L4 - ART, DREAMS AND ACTIVE IMAGINATION
Abstract for TAoAT 2002 by Prof. Joy Schaverien
Art and dreams are commonly considered to be forms of Active Imagination. They are similar in that each is a bridge between inner and outer, and between private and public, experience. Each reveals the spontaneous movement of the psyche in depth psychology, through ‘the transcendent function,’ Jung CW8. However, more detailed observation of their specific nature reveals three distinct forms of imaginal activity. Drawing on aesthetic, Jungian, and psychoanalytic theory, these distinctions will be elucidated. Exploration of the similarities and differences will include consideration of the following:
- Dreams are intangible, fluid, elusive, evanescent, ephemeral and of their nature multi-facetted. Through anti-logical and non-linear narrative they may release and reveal the flow of the unconscious. A dream may be described but it is ultimately impossible to show someone else a dream; it is essentially private.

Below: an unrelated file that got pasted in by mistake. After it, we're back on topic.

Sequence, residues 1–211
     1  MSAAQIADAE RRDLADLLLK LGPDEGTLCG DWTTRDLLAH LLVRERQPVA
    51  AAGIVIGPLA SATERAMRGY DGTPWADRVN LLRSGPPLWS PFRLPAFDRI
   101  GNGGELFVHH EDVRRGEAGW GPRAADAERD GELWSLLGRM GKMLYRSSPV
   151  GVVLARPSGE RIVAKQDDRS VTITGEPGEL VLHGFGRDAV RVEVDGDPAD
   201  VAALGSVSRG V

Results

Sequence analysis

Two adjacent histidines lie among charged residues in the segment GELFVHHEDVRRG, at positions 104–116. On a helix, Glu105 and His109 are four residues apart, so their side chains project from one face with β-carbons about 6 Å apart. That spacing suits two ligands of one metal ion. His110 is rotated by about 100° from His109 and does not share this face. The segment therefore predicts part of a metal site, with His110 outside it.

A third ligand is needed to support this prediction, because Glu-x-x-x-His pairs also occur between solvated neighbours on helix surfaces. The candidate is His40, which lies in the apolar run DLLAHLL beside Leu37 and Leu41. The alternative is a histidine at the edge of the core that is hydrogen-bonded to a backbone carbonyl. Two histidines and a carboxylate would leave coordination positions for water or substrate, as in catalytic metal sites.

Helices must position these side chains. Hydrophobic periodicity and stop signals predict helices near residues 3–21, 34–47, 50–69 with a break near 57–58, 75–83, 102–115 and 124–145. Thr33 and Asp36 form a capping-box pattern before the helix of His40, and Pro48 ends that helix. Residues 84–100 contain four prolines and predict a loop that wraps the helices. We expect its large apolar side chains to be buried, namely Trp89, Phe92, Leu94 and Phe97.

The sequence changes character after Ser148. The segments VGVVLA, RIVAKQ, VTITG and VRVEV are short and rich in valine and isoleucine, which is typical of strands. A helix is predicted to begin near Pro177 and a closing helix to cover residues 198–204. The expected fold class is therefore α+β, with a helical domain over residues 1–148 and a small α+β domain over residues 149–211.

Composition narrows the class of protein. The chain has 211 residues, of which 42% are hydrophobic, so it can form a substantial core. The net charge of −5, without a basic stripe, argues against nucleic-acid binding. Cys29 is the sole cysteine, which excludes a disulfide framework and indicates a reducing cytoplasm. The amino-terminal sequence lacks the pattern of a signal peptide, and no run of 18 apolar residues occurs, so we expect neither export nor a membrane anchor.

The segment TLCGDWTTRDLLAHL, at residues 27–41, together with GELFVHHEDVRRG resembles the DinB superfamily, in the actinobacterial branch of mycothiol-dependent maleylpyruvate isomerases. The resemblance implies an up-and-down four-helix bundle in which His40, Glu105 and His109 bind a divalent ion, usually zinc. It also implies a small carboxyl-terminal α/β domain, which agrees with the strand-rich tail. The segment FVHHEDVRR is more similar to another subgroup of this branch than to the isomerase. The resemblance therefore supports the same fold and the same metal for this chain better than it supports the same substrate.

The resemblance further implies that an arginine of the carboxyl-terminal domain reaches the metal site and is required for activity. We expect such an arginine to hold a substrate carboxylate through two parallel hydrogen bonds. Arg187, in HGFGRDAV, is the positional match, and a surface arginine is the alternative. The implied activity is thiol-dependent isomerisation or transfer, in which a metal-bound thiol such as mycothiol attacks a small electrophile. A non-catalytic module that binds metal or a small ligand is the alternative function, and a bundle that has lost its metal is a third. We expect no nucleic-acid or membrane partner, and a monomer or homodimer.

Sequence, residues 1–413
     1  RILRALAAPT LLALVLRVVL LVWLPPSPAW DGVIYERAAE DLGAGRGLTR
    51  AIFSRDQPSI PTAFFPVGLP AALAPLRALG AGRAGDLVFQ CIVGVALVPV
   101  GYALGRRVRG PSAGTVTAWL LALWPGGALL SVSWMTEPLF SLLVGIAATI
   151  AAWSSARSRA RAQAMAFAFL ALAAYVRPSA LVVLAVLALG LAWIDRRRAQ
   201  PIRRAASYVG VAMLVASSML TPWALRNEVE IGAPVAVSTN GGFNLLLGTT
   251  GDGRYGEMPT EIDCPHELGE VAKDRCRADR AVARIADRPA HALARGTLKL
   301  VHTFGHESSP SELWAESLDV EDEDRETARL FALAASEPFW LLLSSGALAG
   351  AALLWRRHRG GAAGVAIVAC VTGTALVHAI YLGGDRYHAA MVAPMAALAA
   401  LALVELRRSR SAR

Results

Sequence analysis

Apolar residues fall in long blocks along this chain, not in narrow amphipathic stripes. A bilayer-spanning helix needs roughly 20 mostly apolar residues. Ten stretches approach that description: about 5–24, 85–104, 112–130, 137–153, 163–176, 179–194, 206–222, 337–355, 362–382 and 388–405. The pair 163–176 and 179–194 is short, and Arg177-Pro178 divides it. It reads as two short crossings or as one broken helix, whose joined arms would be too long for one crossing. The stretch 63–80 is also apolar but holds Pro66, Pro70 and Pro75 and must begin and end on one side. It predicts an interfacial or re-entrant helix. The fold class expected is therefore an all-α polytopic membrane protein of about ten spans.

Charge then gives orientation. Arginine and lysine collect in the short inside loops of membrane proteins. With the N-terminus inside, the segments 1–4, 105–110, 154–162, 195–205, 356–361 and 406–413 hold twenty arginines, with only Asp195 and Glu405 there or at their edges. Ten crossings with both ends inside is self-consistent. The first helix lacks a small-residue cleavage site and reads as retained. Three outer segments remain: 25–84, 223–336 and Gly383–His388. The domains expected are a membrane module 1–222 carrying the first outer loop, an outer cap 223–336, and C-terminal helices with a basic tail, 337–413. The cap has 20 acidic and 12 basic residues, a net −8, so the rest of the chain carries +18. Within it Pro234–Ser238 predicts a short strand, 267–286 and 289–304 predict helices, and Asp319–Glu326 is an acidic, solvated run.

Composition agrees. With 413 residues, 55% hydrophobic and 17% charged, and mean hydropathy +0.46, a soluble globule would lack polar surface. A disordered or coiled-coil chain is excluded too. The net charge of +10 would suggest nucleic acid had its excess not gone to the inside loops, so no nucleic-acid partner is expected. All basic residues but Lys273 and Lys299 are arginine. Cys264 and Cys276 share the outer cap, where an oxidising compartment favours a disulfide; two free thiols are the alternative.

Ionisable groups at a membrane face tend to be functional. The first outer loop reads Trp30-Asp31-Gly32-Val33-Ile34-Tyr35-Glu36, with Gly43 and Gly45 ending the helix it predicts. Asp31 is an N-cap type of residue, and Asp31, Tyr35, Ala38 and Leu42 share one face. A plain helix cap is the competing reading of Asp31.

- Art has a tangible and material existence. It records traces of the imaginal activity that produces it but it holds, contains and fixes at once moving and containing the flow of the unconscious. In art there is a public manifestation and a shared viewing; both people see the same thing. There is an object for the shared gaze of the spectators.
- Active imagination is a means of developing associations and waking dreams that lead the psyche further into the realms of the imaginal and then back again to the real. It is a bridge between the private and public. Its starting place may be a dream or a picture but it travels on from there. This may be a solo venture or a shared imaginal journey.
This has implications for their application in the clinical setting. Case material will illustrate each of these means of accessing the imaginal and its relation to the transference.
Biography of Dr Joy Schaverien
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